May 18, 2009

Misinformation against workplace smoking ban goes online

The Michigan Licensed Beverage Association (MLBA) is taking its misinformation and false claim that a workplace smoking ban in Michigan will cost jobs online with a new website.

They are continuing to make the false claim that “750 small businesses and 7,500 Michigan jobs are at serious risk.” They are also making the claim that that has been the case in the other states that have enacted the ban. Then they offer the usual cherry-picked studies to prove it.

One study the MLBA continues to use to prove its false is an Oct. 1, 2004 study of a smoking ban in Dallas, Texas that has been debunked. The debunked study claimed that restaurants saw a 9 to 50 percent drop in sales. But when researchers from the Texas Department of State Health Services reviewed the study, they concluded that the methodology was flawed, the data used from the state was either misunderstood or misapplied, and the conclusions were simply wrong.

The fact is there have been absolutely no credible studies that show a negative economic impact resulting from a state-wide or country-wide smoking ban, and commons sense supports that. Not only that, this is a public health issue, and there is no dispute about the deadly effects of secondhand smoke.

Opponents of the workplace smoking ban steadfastly refuse to tell us how less than 25 percent of the people who still smoke can have such a huge economic effect.

I was a smoker for 20 years, so I may be able to understand this. If bar A is smoke free and bar B allows smoking, and if I’m a smoker I will go bar B. But if they are both smoke free, I will still go to a bar.

I’m sure the folks at the MLBA are good people, and truly believe their cause, but the evidence is simply not on their side, leading them to fudge the evidence. It’s telling that if you look on their list of links on their main web site, you will find a link to Philip Morris/Altria.

It seems every time the ban gets closer to becoming a reality we get this misinformation from the MLBA. The House Regulatory Reform Committee will take up the ban at noon Wednesday in Room 326 in the House Office Building, 124. N. Capitol. The meeting is open to the public, and we simply need to get our supporters out to counter this misinformation.


VictorLove1 said...

When are politicians and their assc. going to stop pretending that they are interested in the health of
Americans, as it relates to smoking?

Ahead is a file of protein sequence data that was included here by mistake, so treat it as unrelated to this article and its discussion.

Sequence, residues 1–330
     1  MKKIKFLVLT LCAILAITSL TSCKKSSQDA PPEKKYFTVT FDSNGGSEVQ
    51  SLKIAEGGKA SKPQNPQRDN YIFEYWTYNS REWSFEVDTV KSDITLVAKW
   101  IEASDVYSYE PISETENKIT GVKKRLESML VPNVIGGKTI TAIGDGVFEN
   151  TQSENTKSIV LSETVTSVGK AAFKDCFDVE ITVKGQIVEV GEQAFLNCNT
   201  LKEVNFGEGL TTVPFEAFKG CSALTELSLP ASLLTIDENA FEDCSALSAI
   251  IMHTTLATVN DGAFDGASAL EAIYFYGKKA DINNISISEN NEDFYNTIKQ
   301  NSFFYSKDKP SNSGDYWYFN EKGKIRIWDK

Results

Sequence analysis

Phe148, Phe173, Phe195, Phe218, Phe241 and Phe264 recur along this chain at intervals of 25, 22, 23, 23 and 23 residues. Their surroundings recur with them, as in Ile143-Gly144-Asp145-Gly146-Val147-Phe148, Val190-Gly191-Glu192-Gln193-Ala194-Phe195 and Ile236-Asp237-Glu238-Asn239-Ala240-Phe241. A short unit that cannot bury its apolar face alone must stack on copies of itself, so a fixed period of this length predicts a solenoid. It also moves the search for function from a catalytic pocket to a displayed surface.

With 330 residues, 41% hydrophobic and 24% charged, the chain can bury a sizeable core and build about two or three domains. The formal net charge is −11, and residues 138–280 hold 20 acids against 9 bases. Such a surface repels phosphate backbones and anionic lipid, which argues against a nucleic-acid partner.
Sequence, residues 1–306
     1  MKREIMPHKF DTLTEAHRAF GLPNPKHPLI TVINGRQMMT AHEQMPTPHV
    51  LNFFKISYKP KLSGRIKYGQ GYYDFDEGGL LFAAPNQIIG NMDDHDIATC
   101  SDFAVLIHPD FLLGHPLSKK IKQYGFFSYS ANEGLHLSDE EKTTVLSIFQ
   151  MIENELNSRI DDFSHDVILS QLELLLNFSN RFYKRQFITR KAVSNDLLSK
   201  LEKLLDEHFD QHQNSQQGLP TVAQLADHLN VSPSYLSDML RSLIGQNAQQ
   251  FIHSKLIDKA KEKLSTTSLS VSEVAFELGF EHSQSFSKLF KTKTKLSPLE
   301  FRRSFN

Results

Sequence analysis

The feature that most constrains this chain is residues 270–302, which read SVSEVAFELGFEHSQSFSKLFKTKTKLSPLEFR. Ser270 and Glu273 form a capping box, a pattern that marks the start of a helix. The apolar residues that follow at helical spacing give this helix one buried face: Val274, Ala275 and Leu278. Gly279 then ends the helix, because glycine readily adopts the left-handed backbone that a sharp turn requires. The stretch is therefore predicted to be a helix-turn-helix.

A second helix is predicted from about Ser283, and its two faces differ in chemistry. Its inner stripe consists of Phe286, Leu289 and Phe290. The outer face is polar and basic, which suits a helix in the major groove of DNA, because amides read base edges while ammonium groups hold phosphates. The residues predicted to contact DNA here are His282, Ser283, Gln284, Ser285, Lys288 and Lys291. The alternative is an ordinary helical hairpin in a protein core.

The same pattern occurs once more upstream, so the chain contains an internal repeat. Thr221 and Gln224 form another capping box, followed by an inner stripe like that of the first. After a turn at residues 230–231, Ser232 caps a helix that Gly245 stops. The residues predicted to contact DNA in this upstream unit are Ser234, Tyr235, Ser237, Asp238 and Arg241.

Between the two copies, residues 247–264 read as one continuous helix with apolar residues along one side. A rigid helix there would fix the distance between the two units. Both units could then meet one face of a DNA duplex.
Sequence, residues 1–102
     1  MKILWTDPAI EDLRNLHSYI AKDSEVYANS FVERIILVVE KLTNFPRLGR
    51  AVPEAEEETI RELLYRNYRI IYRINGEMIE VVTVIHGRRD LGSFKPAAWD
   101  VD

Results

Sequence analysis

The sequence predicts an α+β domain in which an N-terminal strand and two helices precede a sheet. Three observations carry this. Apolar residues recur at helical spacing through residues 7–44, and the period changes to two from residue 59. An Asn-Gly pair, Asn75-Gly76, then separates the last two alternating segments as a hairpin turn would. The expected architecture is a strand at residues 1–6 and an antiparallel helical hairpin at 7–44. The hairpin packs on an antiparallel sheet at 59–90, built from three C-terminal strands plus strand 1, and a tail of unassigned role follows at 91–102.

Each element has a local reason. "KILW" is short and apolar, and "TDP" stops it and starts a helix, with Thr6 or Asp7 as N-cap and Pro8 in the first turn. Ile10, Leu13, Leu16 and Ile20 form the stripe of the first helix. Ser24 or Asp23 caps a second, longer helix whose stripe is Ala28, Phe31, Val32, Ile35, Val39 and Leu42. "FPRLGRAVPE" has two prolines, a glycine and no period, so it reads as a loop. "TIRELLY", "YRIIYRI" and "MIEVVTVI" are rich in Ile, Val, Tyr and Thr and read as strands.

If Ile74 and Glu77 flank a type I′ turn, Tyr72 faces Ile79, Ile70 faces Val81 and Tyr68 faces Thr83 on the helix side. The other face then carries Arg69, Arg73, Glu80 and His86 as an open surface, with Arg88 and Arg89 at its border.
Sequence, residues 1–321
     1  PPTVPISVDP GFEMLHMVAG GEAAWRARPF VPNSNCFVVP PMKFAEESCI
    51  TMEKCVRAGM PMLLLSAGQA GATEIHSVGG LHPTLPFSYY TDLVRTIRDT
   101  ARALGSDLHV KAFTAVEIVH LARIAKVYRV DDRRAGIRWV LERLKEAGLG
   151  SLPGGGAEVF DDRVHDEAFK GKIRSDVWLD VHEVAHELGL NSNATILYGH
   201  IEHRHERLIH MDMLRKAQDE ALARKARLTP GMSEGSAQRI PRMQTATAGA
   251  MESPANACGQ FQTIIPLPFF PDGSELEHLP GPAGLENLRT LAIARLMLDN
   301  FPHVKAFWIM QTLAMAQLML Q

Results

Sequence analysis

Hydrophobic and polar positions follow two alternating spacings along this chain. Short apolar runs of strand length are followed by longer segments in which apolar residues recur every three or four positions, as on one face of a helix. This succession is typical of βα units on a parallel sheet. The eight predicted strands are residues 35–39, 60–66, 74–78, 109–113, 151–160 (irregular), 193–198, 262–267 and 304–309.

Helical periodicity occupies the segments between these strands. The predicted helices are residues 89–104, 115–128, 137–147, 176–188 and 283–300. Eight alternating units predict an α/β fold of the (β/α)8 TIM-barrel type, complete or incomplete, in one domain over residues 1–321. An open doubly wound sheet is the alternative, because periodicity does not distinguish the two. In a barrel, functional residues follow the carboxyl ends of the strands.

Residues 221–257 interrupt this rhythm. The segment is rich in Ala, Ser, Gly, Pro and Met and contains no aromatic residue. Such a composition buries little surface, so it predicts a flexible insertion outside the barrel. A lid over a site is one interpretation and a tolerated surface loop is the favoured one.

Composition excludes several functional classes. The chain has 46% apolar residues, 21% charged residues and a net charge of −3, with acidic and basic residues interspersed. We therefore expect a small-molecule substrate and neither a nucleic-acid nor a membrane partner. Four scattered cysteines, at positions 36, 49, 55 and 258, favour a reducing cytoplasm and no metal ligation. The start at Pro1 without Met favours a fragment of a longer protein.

That argument smells to high heaven!
And I'll prove it to you! Certainly you remember the lawsuits filed against tobacco companies by various states?
Iowa was one of them, they told us that they were suing on behalf of the smokers who were lied to by those manufacturers of the health consequences of long term smoking.

Iowa received an award of $700m ,
Guess where all that money went?
I can tell you where none of it went! Not one red cent went for smoking cessation classes or programs. I can only interpret that non action as a lie to Iowa smokers, and a reason to profit on the continued "bad health" of smokers.

As for the reason of businesses not seeing a significant drop in patronage, one has to harkin back to 7th grade science, I.E."for every action, there is an equal and opposite reaction". Smokers stayed home, non smokers came out.

I have no idea if Michigan was enjoined in the tobacco law suit,
but if they were, and got a judgment, I bet they pulled an Iowa!

Communications guru said...

I appreciate your input, but I disagree. The cost to Medicaid and Medicare was borne by the states and the federal government. Some of that money came from the general fund, so it seems to reason some of the settlement money went to the general fund. I can’t speak for Iowa, but in Michigan, much of it went to scholarships for higher achieving students, but some did go to smoking cessation programs. Not enough, and earlier this year when they established a toll-free number for free smoking cessation material, the number was overwhelmed and the supply exhausted.

This ban is actually about the health of non-smokers.

The association is worried about its bottom line, but they are simply wrong and the facts bear that out.